Brexit clouds over Britain’s food security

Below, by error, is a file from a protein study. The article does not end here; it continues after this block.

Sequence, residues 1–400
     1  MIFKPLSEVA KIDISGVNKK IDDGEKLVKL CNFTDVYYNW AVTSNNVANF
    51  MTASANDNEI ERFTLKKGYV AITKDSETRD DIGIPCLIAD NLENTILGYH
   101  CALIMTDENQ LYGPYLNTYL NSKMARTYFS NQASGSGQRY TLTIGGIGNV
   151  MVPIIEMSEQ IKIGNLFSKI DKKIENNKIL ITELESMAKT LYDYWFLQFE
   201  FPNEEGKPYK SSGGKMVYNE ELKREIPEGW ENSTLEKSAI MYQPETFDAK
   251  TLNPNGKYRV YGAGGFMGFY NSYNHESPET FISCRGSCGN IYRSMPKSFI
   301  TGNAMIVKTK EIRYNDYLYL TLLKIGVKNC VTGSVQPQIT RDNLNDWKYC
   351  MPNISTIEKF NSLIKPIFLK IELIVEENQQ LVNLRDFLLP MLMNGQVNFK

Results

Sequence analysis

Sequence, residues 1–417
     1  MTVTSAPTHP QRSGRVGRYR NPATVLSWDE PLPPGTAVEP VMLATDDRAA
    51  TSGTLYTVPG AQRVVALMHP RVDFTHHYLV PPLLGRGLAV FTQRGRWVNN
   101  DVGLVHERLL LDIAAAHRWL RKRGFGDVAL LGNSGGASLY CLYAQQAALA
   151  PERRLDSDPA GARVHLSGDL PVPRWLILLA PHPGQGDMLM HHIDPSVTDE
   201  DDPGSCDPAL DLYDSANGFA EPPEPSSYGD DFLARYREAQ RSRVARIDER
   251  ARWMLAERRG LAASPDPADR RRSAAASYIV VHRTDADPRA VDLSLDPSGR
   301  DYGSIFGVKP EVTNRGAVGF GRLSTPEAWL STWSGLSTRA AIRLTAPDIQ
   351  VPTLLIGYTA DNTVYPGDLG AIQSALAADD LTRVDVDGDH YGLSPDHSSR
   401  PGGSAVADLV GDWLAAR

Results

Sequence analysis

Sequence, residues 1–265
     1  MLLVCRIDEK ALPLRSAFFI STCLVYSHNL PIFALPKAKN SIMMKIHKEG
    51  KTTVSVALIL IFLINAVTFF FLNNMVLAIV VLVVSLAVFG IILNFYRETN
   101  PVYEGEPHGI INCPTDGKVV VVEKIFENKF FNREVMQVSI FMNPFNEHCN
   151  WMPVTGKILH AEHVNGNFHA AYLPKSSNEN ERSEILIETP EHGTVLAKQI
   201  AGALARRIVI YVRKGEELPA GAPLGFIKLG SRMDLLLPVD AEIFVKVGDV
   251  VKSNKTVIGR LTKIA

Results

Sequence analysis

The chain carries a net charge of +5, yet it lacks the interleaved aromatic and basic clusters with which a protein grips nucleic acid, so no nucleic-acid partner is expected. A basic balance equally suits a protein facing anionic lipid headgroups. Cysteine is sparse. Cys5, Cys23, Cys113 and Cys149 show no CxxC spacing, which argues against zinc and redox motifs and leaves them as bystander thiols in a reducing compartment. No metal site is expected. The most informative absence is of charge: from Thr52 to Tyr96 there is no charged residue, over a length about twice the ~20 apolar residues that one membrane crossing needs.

At the stroke of midnight on July 3, 1954, members of the London Housewives’ Association held a ceremony in central London to mark the end of food rationing in Britain that had commenced 14 years before, after the start of the Second World War. Rationing covered goods from meat and sweets to tea and eggs (though not fish and chips, which was considered the national dish and in need of protection to keep up morale) and involved a system under which individuals had their own ration books, that determined what they were able to purchase. It still remains a key part of the nation’s collective memory. Britain’s (relative) economic prosperity since has meant that the country has never faced the prospect of food shortages — not at least until the debate over contingency planning for Brexit.

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